REVIEW: SIX DEGREES OF SEPARATION The Old Vic, Waterloo
TWO STAR RATING JOHN Guare s 1990 play won stacks of awards and introduced us to the rather empty pop philosophy that we are all just six removes from everyone on the planet. But despite fine performances,
SIX DEGREES OF SEPARATION
The Old Vic, Waterloo
TWO STAR RATING
JOHN Guare's 1990 play won stacks of awards and introduced us to the rather empty pop philosophy that we are all just six removes from everyone on the planet.
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But despite fine performances, David Grindley's slick revival doesn't emotionally connect because Guare's characters are either under drawn, unlikeable or unknowable.
This tale of wealthy, materialistic New York art dealers, mired in debt and targeted by a con man who fakes a celebrity connection to inveigle his way into their home ought to be as relevant as when Guare wrote it - during the last boom and bust cycle.
- 1 UK's first no chicken nugget shop pops up in Camden Town
- 2 Crunch! Eliana and Ariella's granola business success
- 3 'Land grab': Muswell Hill Gail's accused of taking over pavement
- 4 Council denies liability for Church Row bollards car damage
- 5 Meet the entrepreneur helping Londoners find the cool dining spots
- 6 Man killed and two injured in triple shooting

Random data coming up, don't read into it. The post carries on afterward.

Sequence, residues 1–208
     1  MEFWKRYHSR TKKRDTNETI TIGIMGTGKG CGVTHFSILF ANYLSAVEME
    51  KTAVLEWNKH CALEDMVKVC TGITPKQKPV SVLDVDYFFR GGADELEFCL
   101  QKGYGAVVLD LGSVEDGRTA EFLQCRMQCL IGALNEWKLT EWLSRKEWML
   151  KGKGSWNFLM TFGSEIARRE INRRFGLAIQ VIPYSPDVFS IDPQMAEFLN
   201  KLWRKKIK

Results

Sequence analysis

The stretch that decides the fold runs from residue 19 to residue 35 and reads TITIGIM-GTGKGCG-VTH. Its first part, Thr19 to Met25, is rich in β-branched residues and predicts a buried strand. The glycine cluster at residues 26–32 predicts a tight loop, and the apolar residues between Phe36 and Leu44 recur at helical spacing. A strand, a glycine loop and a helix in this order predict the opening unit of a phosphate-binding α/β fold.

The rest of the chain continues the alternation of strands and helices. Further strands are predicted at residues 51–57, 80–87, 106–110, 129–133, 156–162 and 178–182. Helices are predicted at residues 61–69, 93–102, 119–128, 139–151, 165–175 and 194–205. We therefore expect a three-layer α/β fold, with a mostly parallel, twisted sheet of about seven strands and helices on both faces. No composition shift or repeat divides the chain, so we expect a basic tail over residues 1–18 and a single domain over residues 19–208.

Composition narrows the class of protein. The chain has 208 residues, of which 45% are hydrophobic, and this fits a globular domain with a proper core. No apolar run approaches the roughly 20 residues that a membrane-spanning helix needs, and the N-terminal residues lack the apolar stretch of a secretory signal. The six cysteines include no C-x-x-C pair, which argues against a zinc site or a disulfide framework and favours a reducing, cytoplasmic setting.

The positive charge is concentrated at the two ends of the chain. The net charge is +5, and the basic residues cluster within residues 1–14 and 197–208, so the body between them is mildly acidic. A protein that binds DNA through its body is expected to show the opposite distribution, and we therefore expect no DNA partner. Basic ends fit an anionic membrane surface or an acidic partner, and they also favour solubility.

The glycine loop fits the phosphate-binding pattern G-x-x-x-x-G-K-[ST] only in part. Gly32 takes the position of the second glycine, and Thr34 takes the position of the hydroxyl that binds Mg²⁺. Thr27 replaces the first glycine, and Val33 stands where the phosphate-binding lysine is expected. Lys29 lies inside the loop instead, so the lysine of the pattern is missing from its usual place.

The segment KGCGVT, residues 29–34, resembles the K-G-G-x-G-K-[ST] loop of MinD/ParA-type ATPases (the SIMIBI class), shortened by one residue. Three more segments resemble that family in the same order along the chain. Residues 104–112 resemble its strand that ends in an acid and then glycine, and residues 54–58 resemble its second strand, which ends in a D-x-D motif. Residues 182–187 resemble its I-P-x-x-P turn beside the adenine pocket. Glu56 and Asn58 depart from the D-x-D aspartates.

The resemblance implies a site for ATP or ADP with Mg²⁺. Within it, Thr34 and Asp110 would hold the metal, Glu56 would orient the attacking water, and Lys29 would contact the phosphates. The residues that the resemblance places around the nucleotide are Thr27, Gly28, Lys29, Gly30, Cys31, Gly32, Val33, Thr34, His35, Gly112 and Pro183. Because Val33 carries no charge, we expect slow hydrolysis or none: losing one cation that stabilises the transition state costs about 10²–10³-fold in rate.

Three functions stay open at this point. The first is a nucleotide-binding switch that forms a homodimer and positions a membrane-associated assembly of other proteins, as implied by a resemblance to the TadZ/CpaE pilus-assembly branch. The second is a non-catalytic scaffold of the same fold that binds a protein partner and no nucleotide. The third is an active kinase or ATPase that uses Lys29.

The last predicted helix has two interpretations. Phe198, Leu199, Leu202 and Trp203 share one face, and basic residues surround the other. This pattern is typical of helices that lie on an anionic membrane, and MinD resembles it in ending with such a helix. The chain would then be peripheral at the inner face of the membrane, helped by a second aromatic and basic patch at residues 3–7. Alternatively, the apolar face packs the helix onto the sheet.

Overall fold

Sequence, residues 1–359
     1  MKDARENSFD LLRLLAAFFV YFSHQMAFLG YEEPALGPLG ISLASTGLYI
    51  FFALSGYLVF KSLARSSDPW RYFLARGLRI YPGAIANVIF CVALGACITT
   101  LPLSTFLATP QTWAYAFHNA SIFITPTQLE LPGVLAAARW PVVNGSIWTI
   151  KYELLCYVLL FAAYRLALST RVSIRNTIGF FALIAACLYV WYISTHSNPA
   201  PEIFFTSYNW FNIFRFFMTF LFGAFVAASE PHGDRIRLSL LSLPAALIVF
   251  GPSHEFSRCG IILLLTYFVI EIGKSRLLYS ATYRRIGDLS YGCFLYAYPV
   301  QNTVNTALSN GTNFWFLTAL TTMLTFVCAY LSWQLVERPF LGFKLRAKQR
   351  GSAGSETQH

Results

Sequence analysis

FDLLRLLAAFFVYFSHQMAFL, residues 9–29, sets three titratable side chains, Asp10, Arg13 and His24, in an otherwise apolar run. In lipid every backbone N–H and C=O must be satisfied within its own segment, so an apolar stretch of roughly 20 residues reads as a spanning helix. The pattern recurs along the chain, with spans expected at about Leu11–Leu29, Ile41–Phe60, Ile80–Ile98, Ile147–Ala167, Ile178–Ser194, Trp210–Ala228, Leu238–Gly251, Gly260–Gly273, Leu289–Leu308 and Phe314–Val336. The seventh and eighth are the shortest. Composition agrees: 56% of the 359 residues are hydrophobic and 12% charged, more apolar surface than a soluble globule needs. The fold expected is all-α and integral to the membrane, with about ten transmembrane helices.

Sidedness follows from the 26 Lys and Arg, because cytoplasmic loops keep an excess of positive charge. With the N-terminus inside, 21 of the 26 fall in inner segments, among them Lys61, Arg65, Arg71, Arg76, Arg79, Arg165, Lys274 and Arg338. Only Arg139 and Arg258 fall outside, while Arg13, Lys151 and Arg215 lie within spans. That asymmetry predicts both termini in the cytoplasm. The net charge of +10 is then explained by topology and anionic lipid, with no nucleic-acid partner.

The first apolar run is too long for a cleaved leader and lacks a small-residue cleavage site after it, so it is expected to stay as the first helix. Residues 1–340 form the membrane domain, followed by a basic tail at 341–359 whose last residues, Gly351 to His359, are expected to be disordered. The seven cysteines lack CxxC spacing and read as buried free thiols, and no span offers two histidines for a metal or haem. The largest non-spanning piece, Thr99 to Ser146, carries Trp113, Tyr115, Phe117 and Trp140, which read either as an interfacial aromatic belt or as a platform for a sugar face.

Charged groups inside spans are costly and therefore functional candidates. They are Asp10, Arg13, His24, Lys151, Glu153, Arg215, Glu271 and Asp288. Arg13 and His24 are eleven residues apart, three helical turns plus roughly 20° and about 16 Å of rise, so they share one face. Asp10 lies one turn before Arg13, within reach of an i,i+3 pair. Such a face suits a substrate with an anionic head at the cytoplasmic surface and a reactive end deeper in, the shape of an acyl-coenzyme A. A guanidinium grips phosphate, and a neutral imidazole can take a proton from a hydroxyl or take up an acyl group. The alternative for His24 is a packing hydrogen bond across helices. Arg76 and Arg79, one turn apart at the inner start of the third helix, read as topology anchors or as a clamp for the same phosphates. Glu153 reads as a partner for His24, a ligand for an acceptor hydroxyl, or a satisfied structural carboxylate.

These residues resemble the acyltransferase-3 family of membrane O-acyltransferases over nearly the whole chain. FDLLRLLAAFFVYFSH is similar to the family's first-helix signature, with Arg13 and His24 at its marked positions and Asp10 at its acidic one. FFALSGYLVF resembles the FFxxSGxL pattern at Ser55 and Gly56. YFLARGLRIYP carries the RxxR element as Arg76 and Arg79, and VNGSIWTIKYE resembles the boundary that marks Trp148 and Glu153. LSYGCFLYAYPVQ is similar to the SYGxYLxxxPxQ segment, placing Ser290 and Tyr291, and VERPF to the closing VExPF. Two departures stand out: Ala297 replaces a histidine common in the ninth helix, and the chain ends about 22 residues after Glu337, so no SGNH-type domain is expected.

- 7 'We've been forgotten': Homeless Muswell Hill family demand action
- 8 Man killed in 'shooting' in north London
- 9 Nursery to open in former Highgate Barclays building
- 10 How did a double-decker bus crash straight into a Crouch End house?
But the flashy, quick jump style between comic one-liners, broad brush caricature and direct audience address, mitigates against audience involvement so the play feels at once too long (yawn) and too short to explore its overstacked themes.
Obi Abili is by turns charismatic and moving as Paul, the homeless, gay, black boy who desperately craves a privileged life and concocts both Harvard credentials and a famous dad (Sydney Poitier) to con his way in.
Lesley Manville heroically wrings some heart from the thinly-drawn Ouisa Kittredge, whose connection with Paul's imagination and potential shines a light on the sterility of her own life.
Guare is getting at all sorts of things here - the limits of middle-class liberalism, the horrendous self-involvement of the privileged (the Kittredge's Ivy League-educated offspring are spoiled and hateful), our obsession with celebrity and the gulf, rather than connection, between people: parents and children, white and black, haves and have-nots.
But this is all so much noise if it's not anchored to credibly realised characters.
Until April 3.